The votes are in and the President has signed the American Recovery and Reinvestment Act of 2009 (ARRA). In this month’s Tax and Accounting article we discussed the impact ARRA will have on individuals and families. In this article, we will take a closer look at the impact on businesses.
The total estimated revenue effect prepared by the Joint Committee on Taxation of the United States Congress pegs overall tax savings at $326 billion. Depending on how you parse the numbers, the effect to individuals ranges from $246 billion to as much as $276 billion. This leaves between $80 billion and $50 billion in tax savings to businesses and other interests. That sounds great, but ‘the devil is in the details’, so here is the rest of the story.
The real tax savings to businesses weighs in at only $6.15 billion. This comes from:
You may notice that the foregoing list adds up to a little more than $6.15 billion. That’s because ARRA also will tighten other rules that limit the ability to utilize built-in losses following an ownership change, raising $6.977 billion.
So what else does ARRA give the taxpayer to make up the total $50 billion to $80 billion in savings?
To begin with, the subsidization of COBRA health premiums discussed in this month’s Tax and Accounting article accounts for $24.7 billion of the difference. Energy incentives will reduce taxes for individuals and businesses by an estimated $22 billion. Economic recovery tools, such as issuance of certain private activity bonds, Indian tribe economic development bonds, and extension of the new markets tax credit are expected to reduce tax receipts by approximately $6.5 billion.
Much was made of improvements to the nation’s infrastructure in the debate over the bill. To finance some of them, state and local governments will need to raise funds from the issuance of debt. Through a combination of changes in rules relating to how financial institutions recognize tax exempt interest, issuance of new tax credit bonds, and other types of bonds, Congress expects to give up $19.6 billion in revenue over the next ten years.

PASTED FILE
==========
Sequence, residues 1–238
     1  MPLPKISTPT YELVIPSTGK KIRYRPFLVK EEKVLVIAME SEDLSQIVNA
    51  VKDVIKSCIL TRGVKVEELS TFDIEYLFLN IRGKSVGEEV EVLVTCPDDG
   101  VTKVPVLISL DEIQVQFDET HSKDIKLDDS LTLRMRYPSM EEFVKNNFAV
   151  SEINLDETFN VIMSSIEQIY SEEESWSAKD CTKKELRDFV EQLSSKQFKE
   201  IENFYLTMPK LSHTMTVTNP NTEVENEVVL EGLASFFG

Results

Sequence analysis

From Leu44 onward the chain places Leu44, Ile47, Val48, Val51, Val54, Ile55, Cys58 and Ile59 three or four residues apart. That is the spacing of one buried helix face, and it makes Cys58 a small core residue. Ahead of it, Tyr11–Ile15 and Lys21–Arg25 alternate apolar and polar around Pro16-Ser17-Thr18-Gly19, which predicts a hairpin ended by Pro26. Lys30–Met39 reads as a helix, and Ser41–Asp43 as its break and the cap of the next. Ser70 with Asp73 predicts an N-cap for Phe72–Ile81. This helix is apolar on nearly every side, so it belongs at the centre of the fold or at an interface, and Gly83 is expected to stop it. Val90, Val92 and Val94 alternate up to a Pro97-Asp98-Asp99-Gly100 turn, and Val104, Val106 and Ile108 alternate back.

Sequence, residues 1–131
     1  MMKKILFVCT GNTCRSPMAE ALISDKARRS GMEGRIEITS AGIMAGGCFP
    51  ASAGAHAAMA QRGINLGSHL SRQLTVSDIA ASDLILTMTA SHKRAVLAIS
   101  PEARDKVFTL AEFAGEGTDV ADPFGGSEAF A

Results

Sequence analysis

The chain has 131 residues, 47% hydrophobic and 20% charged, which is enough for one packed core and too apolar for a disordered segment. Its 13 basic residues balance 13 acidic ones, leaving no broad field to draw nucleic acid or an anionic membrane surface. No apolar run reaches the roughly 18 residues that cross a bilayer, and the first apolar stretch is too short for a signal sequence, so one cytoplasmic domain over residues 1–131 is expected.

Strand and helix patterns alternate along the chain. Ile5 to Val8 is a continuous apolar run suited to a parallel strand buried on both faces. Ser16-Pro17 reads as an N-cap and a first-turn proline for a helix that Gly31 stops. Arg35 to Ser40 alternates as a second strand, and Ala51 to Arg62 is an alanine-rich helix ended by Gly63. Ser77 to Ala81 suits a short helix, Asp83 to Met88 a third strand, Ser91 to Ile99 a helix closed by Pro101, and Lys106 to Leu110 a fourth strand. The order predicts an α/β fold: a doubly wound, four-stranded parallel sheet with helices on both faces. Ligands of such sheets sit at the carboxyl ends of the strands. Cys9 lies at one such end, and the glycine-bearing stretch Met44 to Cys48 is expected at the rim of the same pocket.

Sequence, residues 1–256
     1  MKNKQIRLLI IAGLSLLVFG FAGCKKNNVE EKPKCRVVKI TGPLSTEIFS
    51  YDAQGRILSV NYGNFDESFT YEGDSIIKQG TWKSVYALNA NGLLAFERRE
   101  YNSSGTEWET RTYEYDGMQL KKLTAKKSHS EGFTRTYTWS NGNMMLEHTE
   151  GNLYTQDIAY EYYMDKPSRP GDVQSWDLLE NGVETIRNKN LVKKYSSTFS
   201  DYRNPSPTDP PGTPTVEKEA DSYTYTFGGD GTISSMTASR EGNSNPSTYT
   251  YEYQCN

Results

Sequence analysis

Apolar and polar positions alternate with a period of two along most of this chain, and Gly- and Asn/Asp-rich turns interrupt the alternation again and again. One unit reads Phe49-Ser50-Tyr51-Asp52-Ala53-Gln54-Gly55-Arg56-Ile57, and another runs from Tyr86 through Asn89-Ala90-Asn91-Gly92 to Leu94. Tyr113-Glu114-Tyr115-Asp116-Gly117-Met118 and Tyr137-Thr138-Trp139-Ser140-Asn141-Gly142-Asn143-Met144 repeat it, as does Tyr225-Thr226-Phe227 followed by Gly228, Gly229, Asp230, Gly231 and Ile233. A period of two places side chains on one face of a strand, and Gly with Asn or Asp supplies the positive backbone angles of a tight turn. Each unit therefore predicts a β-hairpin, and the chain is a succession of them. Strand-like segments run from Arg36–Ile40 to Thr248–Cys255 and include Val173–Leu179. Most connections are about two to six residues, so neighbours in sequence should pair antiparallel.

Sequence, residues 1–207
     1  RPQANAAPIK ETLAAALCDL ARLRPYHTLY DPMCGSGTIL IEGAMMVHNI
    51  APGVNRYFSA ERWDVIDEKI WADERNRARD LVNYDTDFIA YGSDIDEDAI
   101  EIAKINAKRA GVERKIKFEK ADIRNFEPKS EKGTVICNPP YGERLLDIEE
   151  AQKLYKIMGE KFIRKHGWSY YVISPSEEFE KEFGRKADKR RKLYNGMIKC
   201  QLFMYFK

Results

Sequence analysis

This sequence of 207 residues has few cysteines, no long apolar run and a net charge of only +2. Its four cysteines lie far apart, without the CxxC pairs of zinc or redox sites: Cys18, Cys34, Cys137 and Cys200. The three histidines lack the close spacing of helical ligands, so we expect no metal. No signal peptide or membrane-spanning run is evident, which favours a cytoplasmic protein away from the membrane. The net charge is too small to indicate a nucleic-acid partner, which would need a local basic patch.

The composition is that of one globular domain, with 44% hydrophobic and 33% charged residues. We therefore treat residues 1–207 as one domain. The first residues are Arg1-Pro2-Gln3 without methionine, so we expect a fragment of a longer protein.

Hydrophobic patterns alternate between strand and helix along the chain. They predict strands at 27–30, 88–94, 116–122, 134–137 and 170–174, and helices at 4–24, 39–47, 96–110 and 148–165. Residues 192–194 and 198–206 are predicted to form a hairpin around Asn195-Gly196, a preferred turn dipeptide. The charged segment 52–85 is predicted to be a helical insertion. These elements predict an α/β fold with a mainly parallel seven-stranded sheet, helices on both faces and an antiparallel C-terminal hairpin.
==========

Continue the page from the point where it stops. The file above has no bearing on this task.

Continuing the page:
If we have done our math right, the total so far comes to around $79 billion. Take out the COBRA premium support and $4.55 billion in energy tax credits to individuals and you get back to about $50 billion.
An S Corporation that converted from a C Corporation within the last six to seven years is a winner under ARRA. Prior law imposed a tax on any built-in gain on corporate assets at the date of the election to become an S Corporation if those assets were sold within ten years of the conversion. Thus, the excess of the fair market value of a company’s assets (including goodwill, etc.) over the book value was subject to a 35% tax. For 2009 and 2010, if you sell assets with a built-in gain after the 7th taxable year from the time of the S Corporation election, no built-in gain tax will be levied. For those looking to dispose of excess assets or sell the business, 2009 and 2010 could be ideal years to do so.
Whether ARRA will achieve its goals or not remains to be seen, but one thing is certain – it presents opportunities for businesses that may well not come around again. Let’s get together and discuss how you might be able to take advantage of the American Recovery and Reinvestment Act of 2009.
Have a terrific March!